Mitski: For this new album, I wrote and recorded it between tours, whereas Puberty 2 was very much like “let’s book a studio for two weeks,” which didn’t leave much room for my anxiety. I think it’s actually good to give yourself extreme limitations when you’re making something so that you don’t let your brain over-analyze or criticize it, because you just have to get it done. But with Be the Cowboy, I was just on tour, I was tired and I had a lot of time to ruminate over the recording after I’d done it. But I liked the idea of being tired and then making music that’s kind of rallying myself. With ‘Nobody’, for example, it’s got these desolate lyrics, but it’s ultimately a dance song. I kind of draw comparisons with Andy Warhol’s pop art, where it’s bright and colorful and pop, but he often said he had no real meaning in mind, he’s very nihilistic about it.
Would you say there is a nihilist element to your music?
Mitski: Obviously there is my personal meaning behind each song – I’m not saying my music doesn’t have meaning – but I guess what I’m trying to say is that I think this is my saddest album. It comes from the saddest place, but in the same way that I have the idea of this protagonist who is this woman in control, I kind of want to put upon this jolliness or upbeatness to it, because I think that it makes it somehow sadder.
Iggy Pop’s music is often spoken about in the same breath as existential nihilism. How did it feel to get his seal of approval?
Mitski: Iggy Pop is one of my heroes. I watch his live performances online and just listen to his music whenever I need reminding what I want out of music and what I want out of a live show. And he always reminds me of what is important. I finally got to see him at a music festival recently. I don’t know how old he is but he’s still fucking amazing. He’s just one of those people. So hearing him say that about me in his gravelly voice… I still haven’t processed it.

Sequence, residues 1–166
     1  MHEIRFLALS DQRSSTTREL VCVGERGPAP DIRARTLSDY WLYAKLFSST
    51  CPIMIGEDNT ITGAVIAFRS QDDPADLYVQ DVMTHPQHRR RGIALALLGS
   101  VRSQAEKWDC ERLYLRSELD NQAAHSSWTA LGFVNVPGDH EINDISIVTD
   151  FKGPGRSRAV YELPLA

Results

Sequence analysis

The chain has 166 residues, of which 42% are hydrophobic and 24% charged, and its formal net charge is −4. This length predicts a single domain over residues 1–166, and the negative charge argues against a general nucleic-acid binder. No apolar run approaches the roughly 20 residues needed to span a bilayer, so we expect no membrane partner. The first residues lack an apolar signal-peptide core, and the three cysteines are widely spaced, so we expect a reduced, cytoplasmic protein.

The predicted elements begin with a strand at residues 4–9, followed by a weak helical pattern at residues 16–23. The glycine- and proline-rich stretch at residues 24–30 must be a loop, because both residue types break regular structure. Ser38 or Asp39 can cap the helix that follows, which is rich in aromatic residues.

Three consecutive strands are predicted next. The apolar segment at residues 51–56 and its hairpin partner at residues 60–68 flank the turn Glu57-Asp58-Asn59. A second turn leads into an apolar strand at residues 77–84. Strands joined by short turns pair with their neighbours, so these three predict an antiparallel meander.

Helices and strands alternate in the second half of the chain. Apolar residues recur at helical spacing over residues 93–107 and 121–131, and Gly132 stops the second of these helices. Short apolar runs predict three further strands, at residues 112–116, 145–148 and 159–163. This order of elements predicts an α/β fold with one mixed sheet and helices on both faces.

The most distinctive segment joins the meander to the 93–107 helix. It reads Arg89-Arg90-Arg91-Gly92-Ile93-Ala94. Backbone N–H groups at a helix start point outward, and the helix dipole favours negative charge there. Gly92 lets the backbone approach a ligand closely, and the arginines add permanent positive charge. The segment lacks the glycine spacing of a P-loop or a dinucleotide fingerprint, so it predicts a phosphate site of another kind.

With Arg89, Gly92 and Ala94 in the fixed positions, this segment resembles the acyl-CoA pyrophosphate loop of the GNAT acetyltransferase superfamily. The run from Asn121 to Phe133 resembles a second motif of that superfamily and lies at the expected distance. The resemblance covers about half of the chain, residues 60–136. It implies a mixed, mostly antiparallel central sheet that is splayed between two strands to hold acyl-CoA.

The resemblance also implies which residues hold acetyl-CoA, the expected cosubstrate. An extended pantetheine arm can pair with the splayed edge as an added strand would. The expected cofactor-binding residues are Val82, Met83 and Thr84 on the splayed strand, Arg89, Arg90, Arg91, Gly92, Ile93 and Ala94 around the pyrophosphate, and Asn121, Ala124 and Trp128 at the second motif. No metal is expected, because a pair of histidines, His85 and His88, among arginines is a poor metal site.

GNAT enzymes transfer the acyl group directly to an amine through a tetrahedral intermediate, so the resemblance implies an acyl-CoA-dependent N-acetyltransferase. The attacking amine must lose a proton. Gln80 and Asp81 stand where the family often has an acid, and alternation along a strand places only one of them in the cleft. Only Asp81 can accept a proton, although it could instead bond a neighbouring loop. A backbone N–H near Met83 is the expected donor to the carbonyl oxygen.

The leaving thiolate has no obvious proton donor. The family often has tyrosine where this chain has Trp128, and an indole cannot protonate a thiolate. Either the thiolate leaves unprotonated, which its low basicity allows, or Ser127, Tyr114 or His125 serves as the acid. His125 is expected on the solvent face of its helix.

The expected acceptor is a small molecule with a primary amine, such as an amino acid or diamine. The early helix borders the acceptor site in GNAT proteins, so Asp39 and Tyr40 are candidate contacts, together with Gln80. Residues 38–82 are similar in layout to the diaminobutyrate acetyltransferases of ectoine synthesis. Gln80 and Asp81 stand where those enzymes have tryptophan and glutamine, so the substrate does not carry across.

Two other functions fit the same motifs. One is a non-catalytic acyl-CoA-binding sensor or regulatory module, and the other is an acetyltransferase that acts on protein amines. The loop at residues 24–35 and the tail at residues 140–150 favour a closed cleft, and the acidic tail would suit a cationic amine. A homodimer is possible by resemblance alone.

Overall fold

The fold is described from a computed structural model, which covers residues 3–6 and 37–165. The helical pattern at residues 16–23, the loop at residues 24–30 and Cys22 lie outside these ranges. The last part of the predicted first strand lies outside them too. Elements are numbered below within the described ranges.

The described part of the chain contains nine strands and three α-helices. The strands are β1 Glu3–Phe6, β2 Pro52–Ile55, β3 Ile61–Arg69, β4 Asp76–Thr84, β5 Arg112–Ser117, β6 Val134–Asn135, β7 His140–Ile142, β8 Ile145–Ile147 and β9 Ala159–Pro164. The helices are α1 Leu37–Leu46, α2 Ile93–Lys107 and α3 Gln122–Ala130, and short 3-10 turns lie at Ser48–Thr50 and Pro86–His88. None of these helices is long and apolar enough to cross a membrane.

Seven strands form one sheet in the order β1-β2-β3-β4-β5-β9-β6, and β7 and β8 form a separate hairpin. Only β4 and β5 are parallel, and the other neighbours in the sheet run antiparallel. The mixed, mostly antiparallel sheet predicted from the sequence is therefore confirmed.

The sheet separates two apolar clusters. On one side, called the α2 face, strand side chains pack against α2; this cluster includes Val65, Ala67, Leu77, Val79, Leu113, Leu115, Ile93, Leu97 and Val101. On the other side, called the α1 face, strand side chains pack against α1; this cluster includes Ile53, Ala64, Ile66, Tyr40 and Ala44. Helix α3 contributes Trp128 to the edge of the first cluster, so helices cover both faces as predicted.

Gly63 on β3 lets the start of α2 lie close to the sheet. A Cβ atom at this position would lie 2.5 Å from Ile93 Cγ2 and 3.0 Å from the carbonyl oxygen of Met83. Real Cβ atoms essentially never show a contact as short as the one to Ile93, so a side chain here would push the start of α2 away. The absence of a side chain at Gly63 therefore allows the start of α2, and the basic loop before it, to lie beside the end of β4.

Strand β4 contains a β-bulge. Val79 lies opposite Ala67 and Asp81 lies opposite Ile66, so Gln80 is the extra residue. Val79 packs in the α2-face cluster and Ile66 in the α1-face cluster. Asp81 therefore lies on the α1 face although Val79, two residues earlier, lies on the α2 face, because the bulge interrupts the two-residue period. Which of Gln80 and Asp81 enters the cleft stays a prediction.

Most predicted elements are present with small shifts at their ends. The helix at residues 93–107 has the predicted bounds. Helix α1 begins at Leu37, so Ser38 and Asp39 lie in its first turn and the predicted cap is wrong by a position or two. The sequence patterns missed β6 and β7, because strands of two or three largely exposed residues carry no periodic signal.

You end the album with a sad, slow song about an old couple. Do you feel older than your years?
Mitski: The road really just wears you down… this is why I think that so many rock bands have more and more songs about ‘the road,’ as their career progresses. You see more and more rock bands make more and more unrelatable albums, but I think that’s just because you’re in such an isolated society and you don’t have experiences that the rest of the world can relate to anymore, because it’s just such a specific way of living. So I’m really conscious of that and I try to avoid that. I always want to make sure my music is relatable to not just touring musicians. So I think that the challenge for this album was using metaphors that people would understand for experiences of being on the road, and I hope that it all makes sense.
April Clare Welsh is a freelance writer based in Lisbon. Find her on Twitter.
Elina Abidin is FACT’s social media assistant.